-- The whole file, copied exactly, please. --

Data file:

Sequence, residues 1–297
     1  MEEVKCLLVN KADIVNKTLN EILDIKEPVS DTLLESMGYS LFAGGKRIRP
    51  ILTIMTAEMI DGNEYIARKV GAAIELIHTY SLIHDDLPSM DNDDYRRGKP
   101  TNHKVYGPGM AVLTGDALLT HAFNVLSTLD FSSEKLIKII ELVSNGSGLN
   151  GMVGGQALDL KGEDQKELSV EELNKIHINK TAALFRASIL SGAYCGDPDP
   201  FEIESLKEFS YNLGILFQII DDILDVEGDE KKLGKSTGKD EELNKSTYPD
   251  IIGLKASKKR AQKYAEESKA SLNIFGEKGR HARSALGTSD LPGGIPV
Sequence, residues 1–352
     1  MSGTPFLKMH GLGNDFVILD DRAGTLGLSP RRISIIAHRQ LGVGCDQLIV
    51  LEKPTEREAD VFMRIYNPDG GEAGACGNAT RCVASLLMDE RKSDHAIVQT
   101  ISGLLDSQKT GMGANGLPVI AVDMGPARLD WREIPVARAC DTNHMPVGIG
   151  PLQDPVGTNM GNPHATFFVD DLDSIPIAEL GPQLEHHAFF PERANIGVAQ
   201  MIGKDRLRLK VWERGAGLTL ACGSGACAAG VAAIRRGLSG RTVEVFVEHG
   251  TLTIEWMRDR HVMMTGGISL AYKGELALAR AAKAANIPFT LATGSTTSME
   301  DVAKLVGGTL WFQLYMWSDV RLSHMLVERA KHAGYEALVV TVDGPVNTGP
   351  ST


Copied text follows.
Sequence, residues 1–297
     1  MEEVKCLLVN KADIVNKTLN EILDIKEPVS DTLLESMGYS LFAGGKRIRP
    51  ILTIMTAEMI DGNEYIARKV GAAIELIHTY SLIHDDLPSM DNDDYRRGKP
   101  TNHKVYGPGM AVLTGDALLT HAFNVLSTLD FSSEKLIKII ELVSNGSGLN
   151  GMVGGQALDL KGEDQKELSV EELNKIHINK TAALFRASIL SGAYCGDPDP
   201  FEIESLKEFS YNLGILFQII DDILDVEGDE KKLGKSTGKD EELNKSTYPD
   251  IIGLKASKKR AQKYAEESKA SLNIFGEKGR HARSALGTSD LPGGIPV
Sequence, residues 1–352
     1  MSGTPFLKMH GLGNDFVILD DRAGTLGLSP RRISIIAHRQ LGVGCDQLIV
    51  LEKPTEREAD VFMRIYNPDG GEAGACGNAT RCVASLLMDE RKSDHAIVQT
   101  ISGLLDSQKT GMGANGLPVI AVDMGPARLD WREIPVARAC DTNHMPVGIG
   151  PLQDPVGTNM GNPHATFFVD DLDSIPIAEL GPQLEHHAFF PERANIGVAQ
   201  MIGKDRLRLK VWERGAGLTL ACGSGACAAG VAAIRRGLSG RTVEVFVEHG
   251  TLTIEWMRDR HVMMTGGISL AYKGELALAR AAKAANIPFT LATGSTTSME
   301  DVAKLVGGTL WFQLYMWSDV RLSHMLVERA KHAGYEALVV TVDGPVNTGP
   351  ST